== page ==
The Novartis deal for Avexis has set a high value for gene therapy assets and enhances valuations of gene therapy smallcap and midcap companies.

Additionally, investment sentiment received a boost when the Financial Times reported over the weekend that Celgene is once again on the prowl for more acquisitions to strengthen its product portfolio.

"Celgene, one of the world’s largest biotech groups, is hunting for acquisition targets with promising drugs to offset the loss of patent protection on its top medicine, according to people briefed on its plans." FT, April 8, 2018

Celgene remains under intense pressure to pursue transactions, as it faces a significant patent cliff with the loss of protection on Revlimid, and was also dealt a recent setback when its multiple sclerosis drug, Ozanimod, was refused a review by the FDA. Two companies of interest for Celgene, as mentioned in the report, include Agios Pharmaceuticals (AGIO) and Jounce Therapeutics (JNCE), both of which have existing partnerships with and investments from Celgene. However, Celgene has deep pockets to execute transactions, and a broad portfolio of strategic interests, which covers many therapeutic areas.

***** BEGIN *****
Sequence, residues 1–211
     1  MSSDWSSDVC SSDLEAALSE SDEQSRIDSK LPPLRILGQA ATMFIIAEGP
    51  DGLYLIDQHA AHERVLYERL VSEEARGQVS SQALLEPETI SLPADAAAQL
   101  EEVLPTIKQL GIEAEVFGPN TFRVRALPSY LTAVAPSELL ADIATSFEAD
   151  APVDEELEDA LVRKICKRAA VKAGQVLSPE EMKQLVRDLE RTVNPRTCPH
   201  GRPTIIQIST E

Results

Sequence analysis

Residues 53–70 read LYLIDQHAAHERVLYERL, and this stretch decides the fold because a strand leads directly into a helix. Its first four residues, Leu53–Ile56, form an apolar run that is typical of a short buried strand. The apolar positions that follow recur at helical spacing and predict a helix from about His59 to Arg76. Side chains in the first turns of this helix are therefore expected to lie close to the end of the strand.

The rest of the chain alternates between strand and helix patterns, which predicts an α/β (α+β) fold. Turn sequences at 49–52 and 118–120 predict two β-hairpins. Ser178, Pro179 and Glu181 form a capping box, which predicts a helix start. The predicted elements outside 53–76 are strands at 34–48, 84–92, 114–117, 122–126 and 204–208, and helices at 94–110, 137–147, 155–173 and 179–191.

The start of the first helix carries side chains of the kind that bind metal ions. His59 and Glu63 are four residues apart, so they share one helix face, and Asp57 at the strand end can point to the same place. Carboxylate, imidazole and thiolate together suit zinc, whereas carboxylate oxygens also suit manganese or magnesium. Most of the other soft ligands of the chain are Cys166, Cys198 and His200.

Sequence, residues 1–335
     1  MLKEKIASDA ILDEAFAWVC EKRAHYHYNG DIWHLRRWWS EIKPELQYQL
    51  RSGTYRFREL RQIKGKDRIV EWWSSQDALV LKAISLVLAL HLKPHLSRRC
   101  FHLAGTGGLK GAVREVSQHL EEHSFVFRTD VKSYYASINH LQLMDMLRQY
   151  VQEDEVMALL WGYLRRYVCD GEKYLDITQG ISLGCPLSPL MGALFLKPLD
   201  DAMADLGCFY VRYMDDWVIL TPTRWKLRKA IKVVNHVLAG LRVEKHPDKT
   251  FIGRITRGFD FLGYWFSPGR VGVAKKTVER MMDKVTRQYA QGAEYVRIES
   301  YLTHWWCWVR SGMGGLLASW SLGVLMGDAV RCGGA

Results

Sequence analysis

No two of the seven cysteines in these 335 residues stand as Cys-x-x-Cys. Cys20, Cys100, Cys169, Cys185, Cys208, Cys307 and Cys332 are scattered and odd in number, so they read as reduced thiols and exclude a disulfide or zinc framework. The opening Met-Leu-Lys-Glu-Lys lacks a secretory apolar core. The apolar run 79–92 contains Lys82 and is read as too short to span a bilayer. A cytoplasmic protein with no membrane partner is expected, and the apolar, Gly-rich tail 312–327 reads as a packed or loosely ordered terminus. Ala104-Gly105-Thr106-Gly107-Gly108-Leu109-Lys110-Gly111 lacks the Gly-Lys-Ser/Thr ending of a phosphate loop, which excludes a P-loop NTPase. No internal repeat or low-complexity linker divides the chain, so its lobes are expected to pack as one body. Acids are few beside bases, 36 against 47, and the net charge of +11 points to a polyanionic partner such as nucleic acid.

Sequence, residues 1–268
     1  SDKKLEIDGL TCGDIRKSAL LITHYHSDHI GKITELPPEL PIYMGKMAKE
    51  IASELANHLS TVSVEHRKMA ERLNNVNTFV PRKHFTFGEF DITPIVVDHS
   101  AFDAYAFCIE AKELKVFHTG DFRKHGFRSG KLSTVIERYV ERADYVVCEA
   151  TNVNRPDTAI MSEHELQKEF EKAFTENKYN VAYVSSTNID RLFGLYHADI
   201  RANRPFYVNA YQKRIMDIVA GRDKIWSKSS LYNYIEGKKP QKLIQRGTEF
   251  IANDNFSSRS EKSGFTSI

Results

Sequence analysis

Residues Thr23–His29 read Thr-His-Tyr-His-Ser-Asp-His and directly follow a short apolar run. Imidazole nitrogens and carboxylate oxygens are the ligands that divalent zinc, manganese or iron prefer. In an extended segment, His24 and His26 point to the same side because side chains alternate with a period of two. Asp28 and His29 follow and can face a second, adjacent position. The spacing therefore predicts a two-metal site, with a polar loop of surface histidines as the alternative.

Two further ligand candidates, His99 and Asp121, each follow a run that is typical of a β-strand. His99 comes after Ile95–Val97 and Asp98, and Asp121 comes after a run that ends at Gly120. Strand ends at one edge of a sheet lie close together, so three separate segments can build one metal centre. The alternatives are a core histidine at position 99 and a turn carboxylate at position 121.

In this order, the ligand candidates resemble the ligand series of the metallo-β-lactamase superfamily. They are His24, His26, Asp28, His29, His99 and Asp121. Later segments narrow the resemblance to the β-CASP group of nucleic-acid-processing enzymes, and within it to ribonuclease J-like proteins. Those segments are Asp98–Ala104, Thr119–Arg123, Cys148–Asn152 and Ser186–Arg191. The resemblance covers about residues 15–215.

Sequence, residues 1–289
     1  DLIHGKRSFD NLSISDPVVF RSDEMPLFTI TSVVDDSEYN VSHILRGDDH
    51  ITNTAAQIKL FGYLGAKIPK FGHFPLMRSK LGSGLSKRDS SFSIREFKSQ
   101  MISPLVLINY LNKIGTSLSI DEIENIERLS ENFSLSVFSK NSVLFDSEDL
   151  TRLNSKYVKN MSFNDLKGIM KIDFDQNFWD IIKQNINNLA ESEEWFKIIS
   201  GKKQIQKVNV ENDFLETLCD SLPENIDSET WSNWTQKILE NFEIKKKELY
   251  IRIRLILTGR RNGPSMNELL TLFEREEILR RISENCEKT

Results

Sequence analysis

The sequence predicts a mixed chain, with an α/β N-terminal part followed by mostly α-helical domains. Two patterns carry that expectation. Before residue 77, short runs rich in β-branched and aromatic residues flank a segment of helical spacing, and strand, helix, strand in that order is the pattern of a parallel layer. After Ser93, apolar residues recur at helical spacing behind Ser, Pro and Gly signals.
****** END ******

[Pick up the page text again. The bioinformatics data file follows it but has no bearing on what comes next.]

Celgene is not alone in looking for further acquisitions. There is pressure on big pharma to pursue innovation through M&A as they struggle with their own drug development model where the Internal Rate of Return ((IRR)) on the significant R&D expenditures continues to decline steadily, as pointed out in The Era Of Biotechs section in our article in February.

GraycellAdvisors.com ~ Prudent Biotech - Declining Rate of Return for Pharma R&D Efforts ~ Source: Kelvin Stott, EvaluatePharma

Declining Rate of Return for Pharma R&D Efforts ~ Source: Kelvin Stott, EvaluatePharma

As industry dynamics are compelling the pharmaceutical companies to pursue pipeline building acquisitions, their ability to execute strategic business development continues to get even better. And that combination will continue to fuel transactions.